Photo: M. Moira / Shutterstock<p>Q-adjacent "<a href="https://conspirituality.net/redpilled/" target="_blank" rel="dofollow">wellness influencers</a>" like <strong>David Wolfe</strong> has been peddling trafficking conspiracies using QAnon rhetoric as well. He's called Donald Trump <a href="https://www.youtube.com/watch?v=rBcepKdDkIA&feature=youtu.be&t=305&fbclid=IwAR2p_sXTCApfD0B6ppf8ickMY-iZxf-xOowWkktfXBp9-Rti4bfdIwNNV1U" target="_blank" rel="dofollow">our only hope</a> for breaking up the global pedophile ring—a direct QAnon talking points—while alternately promoting his line of supplements and "superfoods."</p><p>The <strong>Save Our Children Initiative</strong> was founded by a "traveling beauty slayer" and an apparel marketer. Their <a href="https://www.saveourchildreninitiative.com/" target="_blank">website</a> falsely claims that 800,000 children go missing in the United States every year. As foster youth expert Regan Williams <a href="https://bigthink.com/politics-current-affairs/qanon-child-abuse" target="_self" rel="dofollow">told me last week</a>, the number is closer to 25,000-29,000, and 94 percent are recovered within four to six weeks. </p><p>Their site <em>also</em> claims 8,000 children go missing each year, on the same exact page. This group is selling t-shirts and hats, as well as accepting donations, although how those donations are used is unknown. The site claims your money will go "to a charitable organization recipient and towards outreach programs for this cause." </p><p>As I <a href="https://bigthink.com/politics-current-affairs/anti-vaxx-social-media" target="_self">wrote about previously</a>, ad revenue from targeting anti-vaxxers (and ads directly purchased by anti-vaxx organizations) generate upwards of $1 billion for social media platforms. Similar motives are <a href="https://sfist.com/2020/08/05/despite-bans-qanon-exploding-in-popularity-facebook-google-and-twitter/" target="_blank" rel="noopener noreferrer dofollow">driving ad revenue</a> for QAnon-related merchandise, while QAnon video producers are monetizing YouTube by running ads by Nike and Apple during their shows. </p><p>One uncomfortable truth about QAnon is obvious: companies and influencers are using a conspiracy theory that purports to save children for ad money, coaching sessions, and merchandise sales. What good is a conspiracy theory that you can't monetize?</p><p>--</p><p><em>Stay in touch with Derek on <a href="http://www.twitter.com/derekberes" target="_blank">Twitter</a>, <a href="https://www.facebook.com/DerekBeresdotcom" target="_blank">Facebook</a> and <a href="https://derekberes.substack.com/" target="_blank" rel="noopener noreferrer dofollow">Substack</a>. His next book is</em> "<em>Hero's Dose: The Case For Psychedelics in Ritual and Therapy."</em></p>
Affluence could be our real downfall.
A detailed analysis of environmental research has revealed the greatest threat to the world: affluence.
COVID-19 may strengthen the case for universal basic income, or an idea like it.
- The COVID-19 pandemic has thrown millions of Americans into unemployment, highlighting the impracticality of living paycheck to paycheck, which a shocking number of Americans must do. Yet pandemic unemployment is just a glimpse of the fallout the US can expect in a future where more and more jobs are automated.
- Is universal basic income the answer? In this video, a range of experts from economists to entrepreneurs and historians explore different facets of basic income, like why we need it, how it's different to welfare, and how we'll pay for it.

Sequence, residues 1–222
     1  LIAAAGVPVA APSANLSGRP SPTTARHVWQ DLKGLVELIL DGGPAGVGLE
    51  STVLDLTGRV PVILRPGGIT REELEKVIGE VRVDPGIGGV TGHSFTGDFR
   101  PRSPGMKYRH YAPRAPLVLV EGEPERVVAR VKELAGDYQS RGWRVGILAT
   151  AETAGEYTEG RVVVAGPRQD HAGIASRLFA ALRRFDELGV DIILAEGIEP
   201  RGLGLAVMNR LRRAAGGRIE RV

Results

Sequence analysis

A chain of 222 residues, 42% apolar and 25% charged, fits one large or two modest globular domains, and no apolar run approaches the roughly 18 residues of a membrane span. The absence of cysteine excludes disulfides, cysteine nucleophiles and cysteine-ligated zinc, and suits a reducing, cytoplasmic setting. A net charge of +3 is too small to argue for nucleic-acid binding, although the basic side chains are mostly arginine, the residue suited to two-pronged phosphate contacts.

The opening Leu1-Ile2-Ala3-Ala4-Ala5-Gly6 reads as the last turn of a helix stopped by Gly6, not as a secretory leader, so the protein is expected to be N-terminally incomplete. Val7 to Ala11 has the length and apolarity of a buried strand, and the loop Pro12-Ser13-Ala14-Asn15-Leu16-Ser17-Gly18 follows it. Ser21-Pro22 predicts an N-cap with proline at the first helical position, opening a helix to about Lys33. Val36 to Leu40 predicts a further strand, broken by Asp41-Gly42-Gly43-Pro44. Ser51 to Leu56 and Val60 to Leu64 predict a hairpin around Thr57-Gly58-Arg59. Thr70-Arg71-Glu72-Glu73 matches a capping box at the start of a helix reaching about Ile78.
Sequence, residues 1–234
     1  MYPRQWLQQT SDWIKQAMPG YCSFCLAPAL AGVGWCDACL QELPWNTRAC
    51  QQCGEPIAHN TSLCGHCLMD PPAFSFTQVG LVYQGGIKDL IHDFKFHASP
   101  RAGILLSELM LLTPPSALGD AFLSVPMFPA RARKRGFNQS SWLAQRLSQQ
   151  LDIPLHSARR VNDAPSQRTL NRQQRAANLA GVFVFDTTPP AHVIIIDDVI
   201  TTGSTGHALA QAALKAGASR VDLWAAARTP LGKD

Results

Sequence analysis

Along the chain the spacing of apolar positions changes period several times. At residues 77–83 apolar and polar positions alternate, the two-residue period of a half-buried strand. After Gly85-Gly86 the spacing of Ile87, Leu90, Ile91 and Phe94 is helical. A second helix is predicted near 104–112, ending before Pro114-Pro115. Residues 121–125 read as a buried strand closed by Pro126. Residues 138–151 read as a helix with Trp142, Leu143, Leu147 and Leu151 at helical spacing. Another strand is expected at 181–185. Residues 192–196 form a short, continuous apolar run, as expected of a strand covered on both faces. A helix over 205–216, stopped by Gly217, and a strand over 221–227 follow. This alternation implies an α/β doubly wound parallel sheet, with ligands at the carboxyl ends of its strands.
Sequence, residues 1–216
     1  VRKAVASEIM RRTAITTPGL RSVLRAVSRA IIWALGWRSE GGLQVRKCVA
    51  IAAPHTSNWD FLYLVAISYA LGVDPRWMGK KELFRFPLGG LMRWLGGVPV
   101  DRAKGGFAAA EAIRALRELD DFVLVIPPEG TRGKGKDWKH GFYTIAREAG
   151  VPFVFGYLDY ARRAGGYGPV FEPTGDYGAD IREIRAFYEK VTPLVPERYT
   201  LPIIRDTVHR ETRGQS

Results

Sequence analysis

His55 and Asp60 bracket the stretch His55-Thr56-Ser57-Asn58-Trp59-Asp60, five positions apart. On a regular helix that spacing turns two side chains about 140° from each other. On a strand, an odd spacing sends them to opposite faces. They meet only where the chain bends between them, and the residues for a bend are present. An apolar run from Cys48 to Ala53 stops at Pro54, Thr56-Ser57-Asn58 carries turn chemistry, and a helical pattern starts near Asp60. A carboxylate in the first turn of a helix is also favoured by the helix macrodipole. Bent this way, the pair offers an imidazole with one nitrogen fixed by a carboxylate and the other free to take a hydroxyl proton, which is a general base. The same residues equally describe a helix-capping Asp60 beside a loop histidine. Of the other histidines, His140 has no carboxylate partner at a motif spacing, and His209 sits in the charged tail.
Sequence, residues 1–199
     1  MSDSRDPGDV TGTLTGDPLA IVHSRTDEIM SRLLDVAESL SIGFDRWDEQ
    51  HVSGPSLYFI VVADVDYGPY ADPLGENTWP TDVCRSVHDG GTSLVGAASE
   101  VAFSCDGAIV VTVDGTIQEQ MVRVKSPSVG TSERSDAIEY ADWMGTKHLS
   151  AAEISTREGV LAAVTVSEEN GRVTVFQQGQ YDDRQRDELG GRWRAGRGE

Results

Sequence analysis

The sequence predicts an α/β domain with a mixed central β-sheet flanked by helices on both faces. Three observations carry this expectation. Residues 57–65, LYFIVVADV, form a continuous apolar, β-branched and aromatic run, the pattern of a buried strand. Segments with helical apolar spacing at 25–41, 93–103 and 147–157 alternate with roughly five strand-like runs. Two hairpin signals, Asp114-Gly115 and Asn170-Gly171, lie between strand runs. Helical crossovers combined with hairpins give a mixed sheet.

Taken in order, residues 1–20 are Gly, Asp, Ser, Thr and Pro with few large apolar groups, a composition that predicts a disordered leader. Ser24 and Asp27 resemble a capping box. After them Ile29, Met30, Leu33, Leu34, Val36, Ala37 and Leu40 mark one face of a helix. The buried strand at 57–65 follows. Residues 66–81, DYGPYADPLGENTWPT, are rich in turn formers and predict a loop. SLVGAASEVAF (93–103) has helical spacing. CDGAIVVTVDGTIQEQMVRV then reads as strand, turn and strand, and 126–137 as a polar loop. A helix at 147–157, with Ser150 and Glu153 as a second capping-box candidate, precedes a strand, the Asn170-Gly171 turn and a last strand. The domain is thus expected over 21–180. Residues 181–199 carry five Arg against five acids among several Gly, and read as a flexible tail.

- Yanis Varoufakis, Greece's former Minister of Finance, explains why he's not in favor of a UBI tax, but rather the creation of a public equity fund: "[T]hese days capital is socially produced ... Take for instance ... the capital stock of Google. To a large extent it is produced by all of us. Every time we search something on the Google search engine, we are adding to the capital stock of Google. This is not just a consumer transaction. So, if capital is socially produced why are the returns to capital privatized? On what basis?"
What's your favorite argument for (or against) UBI? Let us know in the comments!
Frequent shopping for single items adds to our carbon footprint.
- A new study shows e-commerce sites like Amazon leave larger greenhouse gas footprints than retail stores.
- Ordering online from retail stores has an even smaller footprint than going to the store yourself.
- Greening efforts by major e-commerce sites won't curb wasteful consumer habits. Consolidating online orders can make a difference.
A pile of recycled cardboard sits on the ground at Recology's Recycle Central on January 4, 2018 in San Francisco, California.
Photo by Justin Sullivan/Getty Images<p>A large part of the reason is speed. In a competitive market, pure players use the equation, <em>speed + convenience</em>, to drive adoption. This is especially relevant to the "last mile" GHG footprint: the distance between the distribution center and the consumer.</p><p>Interestingly, the smallest GHG footprint occurs when you order directly from a physical store—even smaller than going there yourself. Pure players, such as Amazon, are the greatest offenders. Variables like geographic location matter; the team looked at shopping in the UK, the US, China, and the Netherlands. </p><p>Sadegh Shahmohammadi, a PhD student at the Netherlands' Radboud University and corresponding author of the paper, <a href="https://www.cnn.com/2020/02/26/tech/greenhouse-gas-emissions-retail/index.html" target="_blank">says</a> the above "pattern holds true in countries where people mostly drive. It really depends on the country and consumer behavior there."</p><p>The researchers write that this year-and-a-half long study pushes back on previous research that claims online shopping to be better in terms of GHG footprints.</p><p style="margin-left: 20px;">"They have, however, compared the GHG emissions per shopping event and did not consider the link between the retail channels and the basket size, which leads to a different conclusion than that of the current study."</p><p>Online retail is where convenience trumps environment: people tend to order one item at a time when shopping on pure player sites, whereas they stock up on multiple items when visiting a store. Consumers will sometimes order a number of separate items over the course of a week rather than making one trip to purchase everything they need. </p><p>While greening efforts by online retailers are important, until a shift in consumer attitude changes, the current carbon footprint will be a hard obstacle to overcome. Amazon is trying to have it both ways—carbon-free and convenience addicted—and the math isn't adding up. If you need to order things, do it online, but try to consolidate your purchases as much as possible.</p><p>--</p><p><em>Stay in touch with Derek on <a href="http://www.twitter.com/derekberes" target="_blank">Twitter</a>, <a href="https://www.facebook.com/DerekBeresdotcom" target="_blank">Facebook</a> and <a href="https://derekberes.substack.com/" target="_blank">Substack</a>. His next book is</em> "<em>Hero's Dose: The Case For Psychedelics in Ritual and Therapy."</em></p>